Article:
Follow TV Tropes


Comic Book / Arkham Asylum: A Serious House on Serious Earth

Go To

Sometimes... sometimes I think the Asylum is a head. We're inside a huge head that dreams us all into being. Perhaps it's your head, Batman. Arkham is a looking glass... and we are you.
The Mad Hatter

A 1989 Batman graphic novel written by Grant Morrison and illustrated by Dave McKean.

Amadeus Arkham ended up living the remainder of his life in the asylum he founded, after losing a battle with his own private mental illness which started at childhood and was fueled by the murder of his wife and daughter. Many years later, the inmates have taken over (as opposed to just getting out like usual) and threaten to kill the staff unless Batman comes. As they plan to exact revenge, Batman runs into the depths of the asylum. What follows is a surrealist, heavily atmospheric sequence of symbols based on everything from The Bible and the occult to Jungian and Freudian psychology.

The title is taken from Philip Larkin's poem "Church Going".

While the events of the story are only considered canon by some writers, the backstory of Arkham Asylum and the Arkhams has been integrated into the mainstream DC Universe.

More recent editions come with a full script, which is a huge help in understanding what the hell is going on. The current release is the Deluxe 25th Anniversary edition.

The video game Batman: Arkham Asylum also takes many cues from the graphic novel (along with Batman: The Animated Series and Arkham Asylum: Living Hell).

This comic provides examples of:

  • Abusive Parents:
    • It is hinted that Amadeus Arkham's parents sexually abused him, specifically in the "Tunnel of Love" imagery from his childhood dreams, and the way his face is situated in said image.
    • Not only Amadeus's parents, it's implied Amadeus Arkham and Constance, his wife, sexually abused Harriet, their daughter. This is backed up by the drawing she did of her parents, which if you look closely also appears to be external female genitalia.
    • The matter doesn't end there. It's also stated that "Mad Dog" Hawkins was sexually abused by his father as well, which contributed to his descent into insanity, leading him to rape and kill as many women he can, including Amadeus's wife and daughter.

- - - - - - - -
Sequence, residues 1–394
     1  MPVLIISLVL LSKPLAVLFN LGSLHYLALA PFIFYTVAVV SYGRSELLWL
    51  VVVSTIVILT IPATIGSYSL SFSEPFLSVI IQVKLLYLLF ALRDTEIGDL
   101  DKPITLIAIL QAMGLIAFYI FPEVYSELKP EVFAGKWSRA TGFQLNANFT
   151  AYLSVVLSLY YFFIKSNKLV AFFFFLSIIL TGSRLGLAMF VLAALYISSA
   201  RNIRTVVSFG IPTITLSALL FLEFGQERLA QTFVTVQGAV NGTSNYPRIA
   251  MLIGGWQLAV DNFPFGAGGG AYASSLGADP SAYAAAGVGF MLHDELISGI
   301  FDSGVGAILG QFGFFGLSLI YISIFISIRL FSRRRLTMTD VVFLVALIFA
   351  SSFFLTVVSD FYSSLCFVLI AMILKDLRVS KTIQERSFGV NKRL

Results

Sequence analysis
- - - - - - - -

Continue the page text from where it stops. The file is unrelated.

• All Psychology Is Freudian: Averted, mostly. Morrison actually wanted to write a Batman story based on Jungian psychology for a change. There's still some Freudian vibes, though - Batman and Arkham are both fucked up because of their parents, and there's a lot of vaginas.
  • All There in the Script: The only way to really understand the sheer amount of symbolism and imagery stuffed in this story is by buying the 15th Anniversary Edition, which includes the annotated script. It explains the use of some images, some of the stuff that was cut out, and (not to diss Mr. McKean or anything) helps to clarify what's happening in some of the more abstractly illustrated scenes.
    • Like, for instance, one little inscription that's scratched into the doorway of Maxie Zeus' electroshock chamber in Greek, which is significant to the scene, and it translates to "Discover thyself." Again, the artwork is very loosely defined (and in some cases bypasses the original script).
  • April Fools' Plot: The story takes place on April Fools' Day.
  • Bedlam House: Arkham at its finest, folks. And by finest, we mean "most pants-crappingly scary".
  • Beetle Maniac: Amadeus Arkham inherited his obsession with beetles from his mother, who ate them because of their mythological significance as a symbol of rebirth.
  • Body Horror:
    • Clayface, who looks like he's flaking apart. "Batman... my skin is sick..."
    • Much like in The Sandman (1989), Dr. Destiny had his original rational for his Skull for a Head (the JLA ridding him off the ability to dream shriveling up his face) extended to affecting his whole body, becoming an emaciated figure in a wheelchair. In their notes in collected editions, Morrison even notes they never bought that Dee would've only had a skull-looking face because of what happened.
  • Building of Adventure: Arkham Asylum is presented as this, forcing Batman to run through a gauntlet of horrors in order to save the hostages inside.
  • The Cameo: Lots of classic Batman villains make background cameos, like Black Mask and Tweedledee & Tweedledum, some in a blink-and-you'll-miss-them kind of way. Then there's Scarecrow, whose presence takes up several panels, but does little more than walk from one end of the corridor to the other end.
  • Character Development: The whole point of the plot is Batman overcoming his own personal demons and issues to become a true hero. Grant Morrison notes in the annotated script that the ending is meant to symbolize Batman's transformation from a hurt little boy obsessing over the death of his parents to the brilliant detective hero of Morrison's Batman epic. Essentially it's the death of one interpretation and the birth of another.